Table 2 Numbers of conserved landscape rules found by exhaustive search, up to equivalence by complement and excluding the trivial identity rule. Last column reports the approximate time (in seconds) needed to span the entire search space for each \(\omega\)

5.2 Research questions

The empirical observations obtained from the exhaustive search experiments presented in the previous section prompted us with three research questions:

  • RQ1: Does the limited number of conserved landscape rules with respect to the search space size imply a difficulty for evolutionary algorithms to find them?

  • RQ2: Do there exist conserved landscape rules of a larger diameter that are useful for cryptographic and reversible computing applications, i.e., having larger Hamming weights with respect to the size of the generating function truth table?

  • RQ3: Is there a trade-off between the reversibility of a marker CA rule (as measured by the objective function \(obj_1\) defined in Sect. 4.2) and its Hamming weight (as defined by the second objective \(obj_2\))?

Although these research questions are inherited from the conference version of this work [19], we emphasize that here they are explored from a different perspective, especially concerning the first two. In particular, in our previous conference paper, the offset \(\omega\) was fixed to the neighborhood center, i.e., \(\omega = \lfloor (d-1)/2\rfloor\). The reason for that choice was that, as shown in Table 2, most of the reversible rules are found when the offset is closer to the center.

On the other hand, in this work, we consider the situation where the offset is fixed to \(\omega =3\) for the experiments described in the next sections. The reason is twofold: first, by keeping the offset to a fixed value, one could reasonably expect that the difficulty for evolutionary algorithms to converge to an optimal solution increases even more by considering larger diameters than by placing \(\omega\) near to the center. Indeed, increasing the diameter while keeping \(\omega\) fixed means that the origin of the landscape rules gets farther from the center. Consequently, as experimentally observed through an exhaustive search, the number of optimal solutions becomes smaller, and this, in turn, likely affects the answers to RQ1 and RQ2 as discussed in our conference paper [19]. Further, in principle, one may assume that the trade-off between the compatibility fitness and the Hamming weight could change by considering an offset far from the center of the neighborhood, potentially affecting the answer to RQ3. Finally, the second reason for choosing a fixed \(\omega\) in our investigation is more of a practical nature: in this way, we can adopt a more uniform experimental setting, especially concerning the parameter tuning phase described in Sect. 5.4.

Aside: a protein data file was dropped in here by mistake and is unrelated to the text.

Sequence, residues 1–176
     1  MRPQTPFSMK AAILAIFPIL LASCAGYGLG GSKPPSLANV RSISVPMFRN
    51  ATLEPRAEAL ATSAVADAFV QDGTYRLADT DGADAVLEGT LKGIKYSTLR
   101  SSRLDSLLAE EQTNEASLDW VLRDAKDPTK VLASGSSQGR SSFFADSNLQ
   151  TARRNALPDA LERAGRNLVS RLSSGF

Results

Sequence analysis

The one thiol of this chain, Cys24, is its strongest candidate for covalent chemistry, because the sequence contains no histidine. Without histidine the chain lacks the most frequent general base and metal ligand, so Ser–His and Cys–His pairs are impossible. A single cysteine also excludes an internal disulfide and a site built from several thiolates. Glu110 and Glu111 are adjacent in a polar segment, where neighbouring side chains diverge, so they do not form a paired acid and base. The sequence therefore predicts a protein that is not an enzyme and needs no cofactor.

5.3 Experimental settings

We utilized a genetic algorithm with truth table encoding and genetic programming with a tree-based representation to investigate the stated research questions. Both representations use the same selection scheme, a steady-state elimination tournament; in each iteration, three individuals are randomly selected from the population. A new solution is generated by applying crossover to the best two individuals from the tournament. The new individual undergoes mutation, subject to a predefined individual mutation rate, which is an algorithm parameter. Finally, the new individual replaces the worst one from the tournament, and the process is repeated. Each iteration produces one new individual and performs a single fitness evaluation. Apart from the described method, we also experimented with an evolutionary strategy-based scheme, in which a number of offspring is generated using mutation only; however, preliminary experiments showed that this selection method produced inferior results for both representations. In the multi-objective approach, we used the well-known NSGA-II algorithm [4].

For the truth table binary representation (GA), we employed one-point, two-point, and uniform crossover operators selected at random at each iteration. The mutation operator was a single bit-flip on a randomly selected position. Five crossover operators are used at random in the tree-based representation (GP): simple subtree crossover, uniform crossover, size fair, one-point, and context preserving crossover. As in the GA case, a single mutation type was used, the subtree mutation, with a fixed mutation probability of 0.5 [32].

The function set used in the tree-based encoding included the binary operators AND, OR, XOR, XNOR, AND with the second input complemented, and the unary operator NOT. Additionally, we included the ternary function IF, which returns the second argument if the first one is true and the third one otherwise. We performed a tuning phase to investigate which subset of these functions provides the best results.